Finally, we help clients see the importance of underpinning all of this with a balanced approach across people, process and technology, both in upstream value creation and downstream execution. Over/under investing in one of these three aspects creates an unbalanced environment. To sustainably improve the value procurement creates and ensure that this value is realized, improving processes and methodologies, enhancing the skills of the employees and enabling change through improved technology are all equally important.


DT: I really like the six points that you went through. So many people miss the broader aspects of category management, the strategic pieces of sourcing and do not connect this value to the execution aspects in procurement. Absolutely on point.

GS: Thanks. We see this common thread across industries and all types of organizations - global, national and regional. There are often pockets of areas where they are doing well, and sometimes it’s more visible in direct spend. But generally, on indirect spend these gaps often exist. What’s enjoyable is empowering these companies to significantly change how procurement impacts the business. Companies see the value Nitor brings with cross-industry best practices.


DT: I think that's fantastic. So, what's next for Nitor? Where do you see you the company evolving?

GS: To continue our growth and footprint in the source-to-pay space, we have a four-pronged strategy: 1) build on our core advisory, consulting and sustainment practices to live the lifecycle with a client of empowering procurement transformation in people, process and technology; 2) further expand our global markets into Canada and Latin America; 3) continue to develop our strong relationships with technology and partner companies; and 4) be at the forefront of shaping new aspects of value in procurement.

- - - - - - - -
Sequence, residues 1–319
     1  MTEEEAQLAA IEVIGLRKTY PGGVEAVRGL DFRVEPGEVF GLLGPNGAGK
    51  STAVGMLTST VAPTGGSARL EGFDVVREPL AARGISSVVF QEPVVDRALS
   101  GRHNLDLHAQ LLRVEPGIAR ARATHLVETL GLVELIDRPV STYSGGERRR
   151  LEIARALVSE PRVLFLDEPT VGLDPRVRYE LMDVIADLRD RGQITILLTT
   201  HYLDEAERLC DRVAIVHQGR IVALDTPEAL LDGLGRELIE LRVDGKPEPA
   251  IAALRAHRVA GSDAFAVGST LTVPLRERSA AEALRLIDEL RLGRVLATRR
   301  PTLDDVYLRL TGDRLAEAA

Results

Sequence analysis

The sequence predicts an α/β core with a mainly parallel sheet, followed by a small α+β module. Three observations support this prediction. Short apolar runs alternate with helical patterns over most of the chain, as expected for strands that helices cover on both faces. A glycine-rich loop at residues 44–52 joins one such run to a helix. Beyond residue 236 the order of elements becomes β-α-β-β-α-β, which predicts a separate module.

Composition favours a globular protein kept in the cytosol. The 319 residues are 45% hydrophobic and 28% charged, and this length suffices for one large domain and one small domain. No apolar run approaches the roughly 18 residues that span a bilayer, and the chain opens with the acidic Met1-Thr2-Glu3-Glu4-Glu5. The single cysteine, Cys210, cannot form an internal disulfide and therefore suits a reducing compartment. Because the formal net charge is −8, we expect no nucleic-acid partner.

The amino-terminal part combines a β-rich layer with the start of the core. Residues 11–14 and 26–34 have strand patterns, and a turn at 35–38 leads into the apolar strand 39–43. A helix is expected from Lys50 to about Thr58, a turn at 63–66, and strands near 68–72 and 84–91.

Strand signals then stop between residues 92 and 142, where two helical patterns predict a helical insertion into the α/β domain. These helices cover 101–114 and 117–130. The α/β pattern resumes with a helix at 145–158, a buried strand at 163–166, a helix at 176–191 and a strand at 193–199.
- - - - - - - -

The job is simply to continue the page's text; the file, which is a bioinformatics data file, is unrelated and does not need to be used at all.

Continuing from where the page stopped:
DT: That's great. Sounds like an exciting time!


About The Author

Gary Stoddard's picture

Gary provides leadership on the business strategy and development of Nitor. He provides clients experience across the Source-to-Pay spectrum including: spend assessment, category management, strategic sourcing, contract negotiations, supplier management and procurement transformation projects.

Gary has over 20 years of procurement experience across many industries. Prior to joining Nitor, Gary had a 10-year career at Rolls-Royce where he held management positions in global procurement, supply chain operations and customer business. Gary then managed a procurement consulting firm specializing in strategy, sourcing and cost savings. Gary has extensive international experience, including managing projects in Italy, Spain, France, Israel, South Africa, England and the Americas. He has delivered significant procurement transformation programs that have improved performance, increased supply chain resilience, and delivered over $800MM in sustainable savings.

Gary holds a Bachelor of Arts (Honors) degree in Business Economics from Nottingham Trent University in England.